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James C. Phillips Honorary Symposium

PACRIM 10

 

This symposium is held in honor of the extraordinary research career of James C. Phillips, who has made revolutionary contributions to condensed matter physics every decade for over half a century. Phillips first rose to fame in the late 1950s with his invention of pseudopotential theory, the basis for more than 30,000 published articles concerning the electronic structure of materials. In the 1960s, Phillips developed the microscopic theory of superconductive tunneling and also an exact theory for the ionicity of chemical bonding. Phillips invented the topological constraint theory of compact networks in the 1970s, with particular application to optimization of glassy networks. In the 1980s, Phillips developed the theory of high temperature superconductors as self-organized networks. He followed this in the 1990s with the discovery of a bifurcated solution to stretched exponential relaxation in disordered networks. Most recently, in the 21st century, Phillips has connected the ideas of self-organized criticality to biological systems for the design of proteins and cancer-fighting oncolytic viruses. His exceptional contributions to basic and applied physics have resulted in >500 journal publications and four books, including the classic text Bonds and Bands in Semiconductors. In this symposium, colleagues and friends will pay tribute to the amazing lifelong career of J. C. Phillips. Contributed talks are also welcome in any of the sessions below. This symposium is sponsored by Corning Incorporated.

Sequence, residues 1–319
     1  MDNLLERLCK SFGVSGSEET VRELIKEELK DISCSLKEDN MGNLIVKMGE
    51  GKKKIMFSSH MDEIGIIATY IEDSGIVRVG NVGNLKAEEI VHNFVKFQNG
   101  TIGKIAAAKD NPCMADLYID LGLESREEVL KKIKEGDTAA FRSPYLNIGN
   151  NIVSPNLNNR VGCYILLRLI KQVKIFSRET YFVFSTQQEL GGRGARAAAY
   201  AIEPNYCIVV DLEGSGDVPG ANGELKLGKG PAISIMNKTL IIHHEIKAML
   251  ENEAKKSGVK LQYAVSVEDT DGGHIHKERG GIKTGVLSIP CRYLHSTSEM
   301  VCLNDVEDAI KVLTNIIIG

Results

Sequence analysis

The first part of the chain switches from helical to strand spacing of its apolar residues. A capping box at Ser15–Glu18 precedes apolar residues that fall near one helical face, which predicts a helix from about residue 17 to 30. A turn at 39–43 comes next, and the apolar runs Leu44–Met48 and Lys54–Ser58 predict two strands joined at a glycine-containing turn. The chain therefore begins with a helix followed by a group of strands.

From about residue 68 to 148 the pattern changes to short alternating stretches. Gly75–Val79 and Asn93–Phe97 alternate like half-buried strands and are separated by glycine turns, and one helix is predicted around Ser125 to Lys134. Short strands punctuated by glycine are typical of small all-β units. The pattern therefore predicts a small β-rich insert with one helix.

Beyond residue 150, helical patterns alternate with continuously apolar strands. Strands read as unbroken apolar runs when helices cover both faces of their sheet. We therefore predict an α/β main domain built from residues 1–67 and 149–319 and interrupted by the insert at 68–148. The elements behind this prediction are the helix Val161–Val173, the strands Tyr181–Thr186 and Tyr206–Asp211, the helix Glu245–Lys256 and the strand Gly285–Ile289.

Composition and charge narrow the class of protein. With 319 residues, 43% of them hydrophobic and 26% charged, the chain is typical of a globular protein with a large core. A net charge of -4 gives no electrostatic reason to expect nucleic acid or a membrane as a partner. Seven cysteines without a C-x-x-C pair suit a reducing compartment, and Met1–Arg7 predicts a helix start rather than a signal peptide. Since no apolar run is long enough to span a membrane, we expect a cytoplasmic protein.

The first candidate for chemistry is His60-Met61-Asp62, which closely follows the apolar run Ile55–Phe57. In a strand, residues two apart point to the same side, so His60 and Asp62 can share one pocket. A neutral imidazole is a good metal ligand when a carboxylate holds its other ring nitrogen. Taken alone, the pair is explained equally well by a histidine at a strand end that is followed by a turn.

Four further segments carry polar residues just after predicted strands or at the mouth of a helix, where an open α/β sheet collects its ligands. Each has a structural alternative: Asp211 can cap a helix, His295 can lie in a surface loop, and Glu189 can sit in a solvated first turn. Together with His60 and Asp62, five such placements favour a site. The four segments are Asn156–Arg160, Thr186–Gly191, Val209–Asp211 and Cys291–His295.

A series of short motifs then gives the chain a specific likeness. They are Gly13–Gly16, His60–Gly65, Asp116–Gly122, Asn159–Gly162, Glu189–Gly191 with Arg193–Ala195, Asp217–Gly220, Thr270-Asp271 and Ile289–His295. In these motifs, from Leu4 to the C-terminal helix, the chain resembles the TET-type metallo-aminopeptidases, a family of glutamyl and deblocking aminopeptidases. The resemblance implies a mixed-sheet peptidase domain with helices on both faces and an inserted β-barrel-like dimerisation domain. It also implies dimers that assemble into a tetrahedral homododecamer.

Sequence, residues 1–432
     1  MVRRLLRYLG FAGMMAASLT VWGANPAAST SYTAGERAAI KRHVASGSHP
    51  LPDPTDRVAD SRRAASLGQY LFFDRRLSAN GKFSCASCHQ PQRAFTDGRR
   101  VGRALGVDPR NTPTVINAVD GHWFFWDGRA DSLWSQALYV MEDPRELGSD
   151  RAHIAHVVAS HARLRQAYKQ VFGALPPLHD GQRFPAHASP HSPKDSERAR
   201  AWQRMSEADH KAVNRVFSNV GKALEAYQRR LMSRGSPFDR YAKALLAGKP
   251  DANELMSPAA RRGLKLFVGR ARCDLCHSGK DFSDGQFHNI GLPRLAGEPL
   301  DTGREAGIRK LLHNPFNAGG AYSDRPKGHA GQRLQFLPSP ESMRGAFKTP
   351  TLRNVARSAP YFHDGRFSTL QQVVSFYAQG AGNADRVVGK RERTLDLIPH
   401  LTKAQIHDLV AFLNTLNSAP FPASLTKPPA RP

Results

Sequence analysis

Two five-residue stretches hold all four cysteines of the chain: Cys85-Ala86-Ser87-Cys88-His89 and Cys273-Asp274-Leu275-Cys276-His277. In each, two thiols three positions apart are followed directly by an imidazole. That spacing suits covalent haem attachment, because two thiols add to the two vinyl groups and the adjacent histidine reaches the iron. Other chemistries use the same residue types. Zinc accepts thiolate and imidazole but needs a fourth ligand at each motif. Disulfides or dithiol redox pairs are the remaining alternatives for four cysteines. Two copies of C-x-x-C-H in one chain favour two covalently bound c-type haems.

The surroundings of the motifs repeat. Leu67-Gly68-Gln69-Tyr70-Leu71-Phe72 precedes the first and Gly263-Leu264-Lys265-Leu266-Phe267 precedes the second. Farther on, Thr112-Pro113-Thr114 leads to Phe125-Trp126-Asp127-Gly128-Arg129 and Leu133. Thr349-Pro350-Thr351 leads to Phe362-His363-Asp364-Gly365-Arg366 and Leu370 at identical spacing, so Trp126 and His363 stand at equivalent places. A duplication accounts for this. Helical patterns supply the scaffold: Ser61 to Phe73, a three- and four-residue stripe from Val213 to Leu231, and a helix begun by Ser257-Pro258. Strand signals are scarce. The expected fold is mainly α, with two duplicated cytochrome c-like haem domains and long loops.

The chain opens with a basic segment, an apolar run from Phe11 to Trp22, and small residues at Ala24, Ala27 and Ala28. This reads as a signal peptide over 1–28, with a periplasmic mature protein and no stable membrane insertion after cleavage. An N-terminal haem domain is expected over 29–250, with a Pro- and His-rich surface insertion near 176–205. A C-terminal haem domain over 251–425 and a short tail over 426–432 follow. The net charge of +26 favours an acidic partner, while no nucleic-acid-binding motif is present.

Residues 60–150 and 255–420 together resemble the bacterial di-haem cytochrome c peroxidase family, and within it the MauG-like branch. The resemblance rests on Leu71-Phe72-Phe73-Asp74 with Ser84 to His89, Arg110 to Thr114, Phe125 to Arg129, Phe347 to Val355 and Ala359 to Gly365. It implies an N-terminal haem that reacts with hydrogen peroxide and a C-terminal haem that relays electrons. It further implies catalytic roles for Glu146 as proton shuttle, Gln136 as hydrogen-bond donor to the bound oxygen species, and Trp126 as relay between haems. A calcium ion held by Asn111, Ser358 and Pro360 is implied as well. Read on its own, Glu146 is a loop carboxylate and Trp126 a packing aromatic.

Proposed Symposium Topics

  • Semiconductors, Pseudopotentials and Dielectric Theory
  • Superconductivity
  • Constraint Theory in Glass Science: Structure and Property Predictions
  • Rigidity and Intermediate Phase: Model Networks and Chalcogenides
  • Intermediate phase: Oxide Glasses
  • Exponential Complexity in Materials Science and Biology

Symposium Organizers
John C. Mauro, Corning Incorporated, USA
Punit Boolchand, University of Cincinatti, USA
Matthieu Micoulaut, Université Pierre et Marie Curie, France

 

Points of Contact
John C. Mauro, (607) 974-2185

 


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